Is the lack of exclusive games even bad? It spares us having to buy multiple systems just for one game—or any systems at all, if we're content with Steam titles. Yet I still see something unique eroded. A game system doesn't feel right without its signature games, those keystone experiences that made you hang onto your behemoth original Xbox just so you could fire up Panzer Dragoon Orta. Without those, game consoles won't set themselves apart.


Developer: Team Ninja
Publisher: Tecmo KOEI
Platform: PlayStation 3/PlayStation 4/Xbox 360/Xbox One/Windows
Release Date: February 20
Still Missing: Irene Lew
MSRP: $39.99

As upgrades go, Last Round is minimal, a few options and extras that the dealership might throw in with their special insurance package. It's much the same as last year's Dead or Alive 5 Ultimate, but you get two new characters, two new stages, and about thirty new costumes. Those costumes are apparently very important to Dead or Alive, which follows the same rule as Halloween getups for women. Among them are sexy soldiers, sexy angels, sexy motorcylists, sexy cowgirls, and sexy Santa's Helpers. Technically, the last one is more of a Christmas theme, but Dead or Alive neglects few occasions in its sexy purview.

More important are the new characters, one of whom technically isn't new. He's Raidou, the boss of the original Dead or Alive. Series heroine Kasumi supposedly offed him in the first game, but Raidou returns through that most ludicrous of all resurrection methods: the zombie cyborg. He likely won't be as popular as the other new character, who's yet another buxom young woman with martial-arts prowess (and, of course, a penchant for sexy costumes). She's Honoka, an 18-year-old prodigy who built her own style of martial arts. Last Round is also the first Dead or Alive on the PlayStation 4 and Xbox One, and those versions look nicer. They're also available in "Core Fighters" free-to-play releases that offer only four characters to start, with the rest available as DLC.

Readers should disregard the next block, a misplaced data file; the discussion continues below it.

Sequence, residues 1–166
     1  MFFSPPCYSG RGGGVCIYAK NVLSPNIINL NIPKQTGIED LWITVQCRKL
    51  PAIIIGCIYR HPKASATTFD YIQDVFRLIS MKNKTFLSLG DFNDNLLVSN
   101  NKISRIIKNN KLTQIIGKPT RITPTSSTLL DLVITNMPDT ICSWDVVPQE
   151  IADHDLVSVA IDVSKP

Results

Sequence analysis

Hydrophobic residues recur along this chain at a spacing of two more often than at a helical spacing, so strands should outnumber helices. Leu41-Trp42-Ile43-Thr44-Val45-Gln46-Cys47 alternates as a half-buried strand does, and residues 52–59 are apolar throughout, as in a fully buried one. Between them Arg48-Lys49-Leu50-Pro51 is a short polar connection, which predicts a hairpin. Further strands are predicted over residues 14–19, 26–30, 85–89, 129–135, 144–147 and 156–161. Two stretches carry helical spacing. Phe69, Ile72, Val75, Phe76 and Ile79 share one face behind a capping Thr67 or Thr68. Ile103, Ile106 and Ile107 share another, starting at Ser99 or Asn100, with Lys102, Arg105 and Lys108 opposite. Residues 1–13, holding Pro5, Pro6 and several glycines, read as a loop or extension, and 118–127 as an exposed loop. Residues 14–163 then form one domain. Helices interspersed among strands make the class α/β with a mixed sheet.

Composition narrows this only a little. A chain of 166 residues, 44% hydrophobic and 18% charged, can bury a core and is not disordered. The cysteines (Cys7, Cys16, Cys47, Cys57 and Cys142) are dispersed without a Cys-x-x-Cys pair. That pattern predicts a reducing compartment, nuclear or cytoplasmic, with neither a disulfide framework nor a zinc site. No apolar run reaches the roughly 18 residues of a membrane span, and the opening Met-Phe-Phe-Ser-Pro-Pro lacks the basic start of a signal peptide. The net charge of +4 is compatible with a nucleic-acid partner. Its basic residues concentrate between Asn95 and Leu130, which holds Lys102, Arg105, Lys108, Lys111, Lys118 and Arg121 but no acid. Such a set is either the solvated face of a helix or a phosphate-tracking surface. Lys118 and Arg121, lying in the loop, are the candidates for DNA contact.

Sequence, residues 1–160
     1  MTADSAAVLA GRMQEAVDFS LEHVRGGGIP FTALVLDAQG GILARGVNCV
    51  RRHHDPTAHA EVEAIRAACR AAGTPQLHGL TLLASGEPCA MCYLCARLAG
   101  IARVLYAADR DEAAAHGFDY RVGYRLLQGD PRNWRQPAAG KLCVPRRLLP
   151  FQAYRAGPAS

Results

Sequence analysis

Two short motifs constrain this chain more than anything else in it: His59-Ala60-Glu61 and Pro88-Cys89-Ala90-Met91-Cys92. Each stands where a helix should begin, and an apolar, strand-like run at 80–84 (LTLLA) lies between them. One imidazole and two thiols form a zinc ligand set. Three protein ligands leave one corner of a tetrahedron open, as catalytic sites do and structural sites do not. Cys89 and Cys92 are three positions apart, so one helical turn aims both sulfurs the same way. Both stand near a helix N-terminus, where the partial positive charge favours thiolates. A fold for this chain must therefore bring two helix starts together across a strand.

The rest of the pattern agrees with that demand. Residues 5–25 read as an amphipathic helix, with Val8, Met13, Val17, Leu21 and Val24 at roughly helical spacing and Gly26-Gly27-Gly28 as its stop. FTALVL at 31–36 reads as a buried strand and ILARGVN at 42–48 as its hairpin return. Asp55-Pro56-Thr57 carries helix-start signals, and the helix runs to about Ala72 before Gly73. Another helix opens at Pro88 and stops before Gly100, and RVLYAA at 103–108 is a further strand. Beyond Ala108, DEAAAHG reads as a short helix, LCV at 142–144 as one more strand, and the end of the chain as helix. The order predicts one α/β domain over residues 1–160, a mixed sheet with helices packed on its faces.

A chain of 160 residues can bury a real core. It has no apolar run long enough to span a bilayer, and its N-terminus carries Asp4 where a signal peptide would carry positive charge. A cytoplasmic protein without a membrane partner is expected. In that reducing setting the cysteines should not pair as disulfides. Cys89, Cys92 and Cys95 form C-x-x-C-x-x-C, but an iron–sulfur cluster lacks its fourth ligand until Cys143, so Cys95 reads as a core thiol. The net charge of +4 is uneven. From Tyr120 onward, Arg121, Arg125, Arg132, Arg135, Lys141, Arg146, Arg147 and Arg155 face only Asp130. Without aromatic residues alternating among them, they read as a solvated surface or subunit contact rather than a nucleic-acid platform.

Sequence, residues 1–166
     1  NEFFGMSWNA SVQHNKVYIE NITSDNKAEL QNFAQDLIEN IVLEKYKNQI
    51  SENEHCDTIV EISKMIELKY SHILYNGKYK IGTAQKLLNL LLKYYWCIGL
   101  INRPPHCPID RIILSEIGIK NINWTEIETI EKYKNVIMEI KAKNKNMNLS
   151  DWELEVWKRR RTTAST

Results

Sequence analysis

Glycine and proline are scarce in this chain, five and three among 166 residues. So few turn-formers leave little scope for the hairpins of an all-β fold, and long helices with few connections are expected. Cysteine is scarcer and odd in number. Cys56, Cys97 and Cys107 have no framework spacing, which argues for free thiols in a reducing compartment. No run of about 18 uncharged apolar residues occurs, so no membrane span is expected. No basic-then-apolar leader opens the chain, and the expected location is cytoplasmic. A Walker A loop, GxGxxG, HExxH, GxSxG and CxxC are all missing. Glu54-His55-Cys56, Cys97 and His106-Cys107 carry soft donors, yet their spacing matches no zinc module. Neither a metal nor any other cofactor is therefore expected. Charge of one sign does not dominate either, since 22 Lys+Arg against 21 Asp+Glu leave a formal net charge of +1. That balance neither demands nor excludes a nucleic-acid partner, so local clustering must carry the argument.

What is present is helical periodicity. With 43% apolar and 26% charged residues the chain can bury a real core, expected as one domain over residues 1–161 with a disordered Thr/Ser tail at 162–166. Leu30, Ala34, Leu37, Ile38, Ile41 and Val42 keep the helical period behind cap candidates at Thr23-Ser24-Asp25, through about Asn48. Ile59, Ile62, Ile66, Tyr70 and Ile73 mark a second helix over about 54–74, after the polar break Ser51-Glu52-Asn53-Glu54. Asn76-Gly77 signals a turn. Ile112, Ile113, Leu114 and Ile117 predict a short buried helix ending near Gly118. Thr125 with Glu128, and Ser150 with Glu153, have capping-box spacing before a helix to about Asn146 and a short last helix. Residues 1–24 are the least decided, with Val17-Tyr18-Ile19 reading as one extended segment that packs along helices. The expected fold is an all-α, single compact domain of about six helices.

Of course, half the fun of Last Round comes from seeing just how Tomunobu Itagaki will react to it. As creator of the series, the ever-outspoken Itagaki made numerous jabs at Tecmo since he left the company in 2008, and he remarked “my daughter was totally ruined, spoiled” when asked what he thought of Dead or Alive 5. Maybe the developers of Last Round will fire back with some in-jokes.

Developer: HAL Laboratory
Publisher: Nintendo
Platform: Nintendo Wii U
Release Date: February 20
Alternate Use: Window Caulk
MSRP: $39.99

Video games use claymation far less often than they should. Aside from the Neverhood titles and the long-forgotten Clayfighter series, most games avoid it. Technically, Kirby and the Rainbow Curse isn't made with clay; it's just computer animation convincing enough to resemble Aardman cartoons, Will Vinton shorts, or a pastel-colored Gumby. And it's good that it does. Claymation is an underappreciated medium with a long history of entertaining viewers while inducting them into a world where even the harmless and cute seem abstract and uneasy. Still, you can assume that Kirby and the Rainbow Curse won't go to a netherspace where Mark Twain's darkest creation makes and horrifically murders a tiny kingdom of living mud figures.

Kirby and the Rainbow Curse picks up the gameplay of Kirby: Canvas Curse on the DS. After his homeland is drained of all color, Kirby meets a rainbow fairy named Rainbow Brite Eleene and heads out to restore a natural hue. For his quest Kirby assumes a slightly more spherical shape, and the player maneuvers him by drawing a rainbow trail with the Wii U's gamepad. Sometimes Kirby simply rolls along the multicolored track, looping and falling as the player directs. At some points he'll be carried along by other forces, and the rainbow acts as a barrier against various hazards. It's arranged much like a side-scroller, and the level design and boss battle show off the same gimmicks as regular Kirby titles. It's all made more unique by the rolling track…and the clay look of things.

Up to four players can join the game, with the three non-Kirby roles filled by Waddle Dee. As with a good many Nintendo Wii U titles, Kirby and the Rainbow Curse supports appropriate Amiibo figures: Kirby, Meta Knight, and King Dedede. That'll move a few of those Kirby figures hogging the shelves at TOYS R US.

Also Available:
Sony ships out the year's first big PlayStation 4 exclusive with The Order: 1886. It's staged in an alternate take on history, and a long-term take at that: a chunk of humanity mutated into Resident Evil creatures back in the middle ages, and the non-mutants formed their own cadres of hunters to fight back the atavistic forces. It's now 1886, and the player controls one of the Knights, an organization that traces its monster-hunting all the way back to King Arthur. Of course, there's a bunch of steampunk technology to assist hunters as they roam upper and lower London and gun down pseudo-zombies. On the one hand, it's visually impressive. On the other hand, it's a steampunk turn on a common cliche.

Todd Ciolek occasionally updates his website, and you can follow him on Twitter if you want.